Hi! I know this is random but I need general questions answered about this book and would love your help! I need it by tomorrow (May 8) so if you get this in time that'd be awesome. I'll go ahead and ask you the questions in case you do get this before tomorrow...
1.) What seems to be the "heart of redness" the novel title is referring to?
2.) the 19th century cattle-killing produced divisions within Xhosa society, which re-emerged in the modern dispute over the casino project. What seems to be Mda's purpose for making these connections?
3.) What message does Mda seem to be sending about the proper kind of "development" needed in modern South Africa?
if you don't mind doing this, thanks so much! otherwise it was worth a shot!
Is this bizarre or what? I wish I could properly describe the facial expressions I was doing when I read this. Doesn't it seem suspiciously like a student who, having procrastinated on doing their English essay until the last night, looked it up on a book-review website and randomly sent the first reviewer he saw an email with his essay questions attached?
Later that day I also signed onto Goodreads and found the following message from this same person:
I was wondering if you could answer some questions about this book for me. I need them by tomorrow so if you get this please call me 817-***-****
Um. I don't like being mean, but maybe one can say, desperate much? I was really tempted to write him an email back explaining why, exactly, I didn't feel inclined to write his essay (due the next day) for him. However, I restrained myself. There was no need for me to use more energy on this person. Let him learn his lesson through the silence he has received in return.
I'm beginning to understand now the frustration that some authors have recently been expressing about bloggers demanding their ARCs for review, demanding their time, demanding their answers to interview questions (emailed before the author has even agreed to an interview). It's things like this that make me even more afraid to contact authors for anything, although I know that the good majority of them are wonderful, accommodating, and totally excited to be contacted by a fan. It's a combination of my shyness, my belief since childhood that authors are like mythical enigma creatures, untouchable, unapproachable--like celebrities (which they are in my book), and these recent exhibitions of humanity's increasing brashness and lack of thinking that makes me worry about the kind of person I am now, what I'm afraid of becoming, the future of my blog, and my future as an aspiring author.
Wow, I can't believe someone would actually do that! Desperate much??ReplyDelete
I kind of lost for words about that...yupReplyDelete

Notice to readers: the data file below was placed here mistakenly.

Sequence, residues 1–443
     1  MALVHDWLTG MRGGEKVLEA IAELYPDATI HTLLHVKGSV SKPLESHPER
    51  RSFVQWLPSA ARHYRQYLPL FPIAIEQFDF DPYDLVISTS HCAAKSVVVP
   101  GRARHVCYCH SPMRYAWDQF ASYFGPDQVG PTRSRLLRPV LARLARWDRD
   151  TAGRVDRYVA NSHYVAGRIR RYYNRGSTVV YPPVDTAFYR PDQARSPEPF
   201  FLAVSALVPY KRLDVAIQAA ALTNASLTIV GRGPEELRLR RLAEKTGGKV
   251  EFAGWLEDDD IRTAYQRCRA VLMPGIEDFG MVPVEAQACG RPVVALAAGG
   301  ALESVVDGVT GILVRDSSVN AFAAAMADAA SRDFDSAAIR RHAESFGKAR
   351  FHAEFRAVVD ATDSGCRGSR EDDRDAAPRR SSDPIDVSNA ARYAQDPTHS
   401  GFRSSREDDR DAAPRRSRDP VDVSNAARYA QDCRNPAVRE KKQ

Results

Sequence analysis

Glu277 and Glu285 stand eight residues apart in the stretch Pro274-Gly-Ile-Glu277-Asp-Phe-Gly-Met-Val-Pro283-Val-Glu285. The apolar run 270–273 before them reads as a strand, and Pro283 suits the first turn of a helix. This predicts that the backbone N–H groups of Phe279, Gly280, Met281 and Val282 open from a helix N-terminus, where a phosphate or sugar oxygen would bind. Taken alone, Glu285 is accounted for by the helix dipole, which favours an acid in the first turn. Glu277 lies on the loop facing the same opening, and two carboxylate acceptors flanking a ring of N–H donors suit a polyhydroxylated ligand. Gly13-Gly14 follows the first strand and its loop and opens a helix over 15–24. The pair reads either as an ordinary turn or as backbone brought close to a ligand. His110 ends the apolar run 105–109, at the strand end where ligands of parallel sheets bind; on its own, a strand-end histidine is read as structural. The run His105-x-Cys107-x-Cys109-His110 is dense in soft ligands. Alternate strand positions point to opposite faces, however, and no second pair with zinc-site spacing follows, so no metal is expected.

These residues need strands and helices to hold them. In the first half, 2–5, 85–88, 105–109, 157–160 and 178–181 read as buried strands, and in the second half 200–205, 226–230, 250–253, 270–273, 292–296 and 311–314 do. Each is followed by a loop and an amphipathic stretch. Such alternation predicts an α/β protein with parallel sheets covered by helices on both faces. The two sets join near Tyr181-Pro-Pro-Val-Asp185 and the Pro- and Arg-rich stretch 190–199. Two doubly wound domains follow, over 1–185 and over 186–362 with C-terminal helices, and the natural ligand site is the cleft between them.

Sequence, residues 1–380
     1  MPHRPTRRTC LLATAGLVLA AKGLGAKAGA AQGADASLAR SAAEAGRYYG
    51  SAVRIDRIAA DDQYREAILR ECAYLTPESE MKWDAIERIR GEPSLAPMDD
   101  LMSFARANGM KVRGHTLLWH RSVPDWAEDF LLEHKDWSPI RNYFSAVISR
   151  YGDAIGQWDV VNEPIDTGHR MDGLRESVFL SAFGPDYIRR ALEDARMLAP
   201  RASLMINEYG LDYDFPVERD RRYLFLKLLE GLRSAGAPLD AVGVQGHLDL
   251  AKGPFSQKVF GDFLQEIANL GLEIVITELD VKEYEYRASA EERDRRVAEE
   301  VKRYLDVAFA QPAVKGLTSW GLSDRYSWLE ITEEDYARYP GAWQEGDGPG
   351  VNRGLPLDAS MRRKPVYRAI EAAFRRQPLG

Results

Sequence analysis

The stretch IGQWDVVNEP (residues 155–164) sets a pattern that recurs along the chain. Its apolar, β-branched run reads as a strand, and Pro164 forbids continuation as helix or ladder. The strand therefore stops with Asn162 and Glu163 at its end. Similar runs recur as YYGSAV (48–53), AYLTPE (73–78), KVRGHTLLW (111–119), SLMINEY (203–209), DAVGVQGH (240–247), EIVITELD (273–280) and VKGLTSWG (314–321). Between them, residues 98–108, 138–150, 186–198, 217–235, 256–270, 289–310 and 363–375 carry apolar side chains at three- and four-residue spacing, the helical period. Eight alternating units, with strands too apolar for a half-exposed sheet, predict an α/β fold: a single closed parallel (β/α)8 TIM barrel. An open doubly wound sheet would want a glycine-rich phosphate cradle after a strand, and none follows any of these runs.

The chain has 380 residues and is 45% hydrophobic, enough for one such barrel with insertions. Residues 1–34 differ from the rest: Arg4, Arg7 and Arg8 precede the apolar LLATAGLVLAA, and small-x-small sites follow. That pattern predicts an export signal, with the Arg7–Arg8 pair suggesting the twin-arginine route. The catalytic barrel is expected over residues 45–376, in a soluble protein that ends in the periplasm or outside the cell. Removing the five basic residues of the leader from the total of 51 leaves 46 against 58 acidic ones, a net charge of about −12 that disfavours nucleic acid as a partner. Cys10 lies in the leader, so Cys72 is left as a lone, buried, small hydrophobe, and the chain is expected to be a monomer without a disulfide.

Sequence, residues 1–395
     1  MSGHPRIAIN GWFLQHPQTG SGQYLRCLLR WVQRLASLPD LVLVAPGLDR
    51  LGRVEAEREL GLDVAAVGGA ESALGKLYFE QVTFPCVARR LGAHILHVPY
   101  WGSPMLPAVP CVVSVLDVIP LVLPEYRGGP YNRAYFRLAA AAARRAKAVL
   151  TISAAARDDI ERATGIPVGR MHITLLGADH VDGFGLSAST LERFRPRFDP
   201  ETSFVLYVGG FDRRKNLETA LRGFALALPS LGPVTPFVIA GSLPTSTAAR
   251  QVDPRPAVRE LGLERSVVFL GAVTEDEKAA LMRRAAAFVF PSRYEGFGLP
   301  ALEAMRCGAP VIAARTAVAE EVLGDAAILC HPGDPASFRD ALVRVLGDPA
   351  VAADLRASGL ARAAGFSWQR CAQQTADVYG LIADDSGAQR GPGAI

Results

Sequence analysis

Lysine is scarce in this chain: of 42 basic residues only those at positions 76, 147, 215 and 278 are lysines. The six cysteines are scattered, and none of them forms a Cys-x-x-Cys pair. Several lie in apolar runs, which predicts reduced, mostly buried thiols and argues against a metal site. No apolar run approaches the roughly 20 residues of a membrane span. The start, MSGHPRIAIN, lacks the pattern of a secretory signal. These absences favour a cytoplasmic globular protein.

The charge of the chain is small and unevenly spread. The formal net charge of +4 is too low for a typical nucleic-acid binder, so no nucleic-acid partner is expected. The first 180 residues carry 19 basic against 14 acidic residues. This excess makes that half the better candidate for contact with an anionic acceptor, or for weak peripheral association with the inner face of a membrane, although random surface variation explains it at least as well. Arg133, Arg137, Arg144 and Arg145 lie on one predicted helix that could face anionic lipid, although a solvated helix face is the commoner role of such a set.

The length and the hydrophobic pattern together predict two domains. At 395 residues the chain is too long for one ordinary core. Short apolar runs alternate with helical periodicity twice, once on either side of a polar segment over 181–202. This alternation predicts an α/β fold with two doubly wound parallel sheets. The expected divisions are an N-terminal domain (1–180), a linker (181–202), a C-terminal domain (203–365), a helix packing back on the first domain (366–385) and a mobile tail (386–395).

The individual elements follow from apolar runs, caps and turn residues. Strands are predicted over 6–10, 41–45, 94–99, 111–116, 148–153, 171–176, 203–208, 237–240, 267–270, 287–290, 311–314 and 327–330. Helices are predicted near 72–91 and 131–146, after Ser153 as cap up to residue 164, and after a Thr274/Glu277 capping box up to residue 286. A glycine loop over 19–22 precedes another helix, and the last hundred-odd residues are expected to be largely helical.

Haha wow, that is really quite rude. I admit that I read a book for my friend before and told her what it's about (because she hates reading and I am a complete dork), but to have a random stranger expect you to do their work for them - wow. O.oReplyDelete
You should've taught him a lesson by giving him blatantly wrong answers... but that may be a bit cruel, haha.
Oh and I have a contest on my book review blog if you want to enter:
awww it sucks for them but it's not your problem. I wouldn't worry about itReplyDelete
That's just really, really cheeky :)ReplyDelete
Sparknotes are a wonderful thing!ReplyDelete
That is just so completely out of order! It's so appalling how people cheat with their school work, yet others work really hard to get their grade. It makes me so mad! Kudos to you for not emailing, I don't think I would have been able to resist emailing him back giving him a piece of my mind.ReplyDelete
First, I need to start reading your Library Thing reviews. I really want to know about this book.ReplyDelete
Second, this may be a student and s/he might be trying to cheat but why do we assume so much when we're given so little information? I'd either reply that I'm suspicious of his intent and with clarification I might be willing to discuss the book or I'd ignore him. I would not assume the worst.
Have we forgotten what it was like when we were in school? Were we all the most articulate, responsible and upstanding all the time? Let's say the writer is some kid who should know better. It is silly to ask a perfect stranger for help but in the age of technology I don't fault him for trying. I have seen far more outrageous commentary, behavior and requests from young people online. Trying to cheat on a homework assignment pales in my mind. It's worth a laugh and a pass at best.
Regarding your own apprehension, I have talked to dozen of writers and my experience is they love talking about their work and they love interaction and most do not mind requests. What bothers anyone is an expectation that the author owes you something.
That's hilarious. How desperate. Maybe if he/she put that time and energy into reading the book....ReplyDelete
I think Susan had some great comments. We shouldn't assume the worst (Although it does sound suspiciously like a desperate student. But like Susan said, there are so many more malicious acts out there and many students do try to pull a fast one at some point) I also consider authors to be celebrities and am in awe of them. The fact that you are worried about offending others means you are very considerate. Don't worry!ReplyDelete
This isn't the first time I've seen this actually. My friend has a fantastic blog and this happened to her. And I think this is exactly how authors do feel, but I wouldn't worry too much about the interview questions, so long as you ask permission for an interview before SENDING them. (and when my book gets published, you can have a guaranteed interview. I had loved reading your blog for a long time now) :)ReplyDelete
I would go like this O__O if I was in your position. They sound so rude.ReplyDelete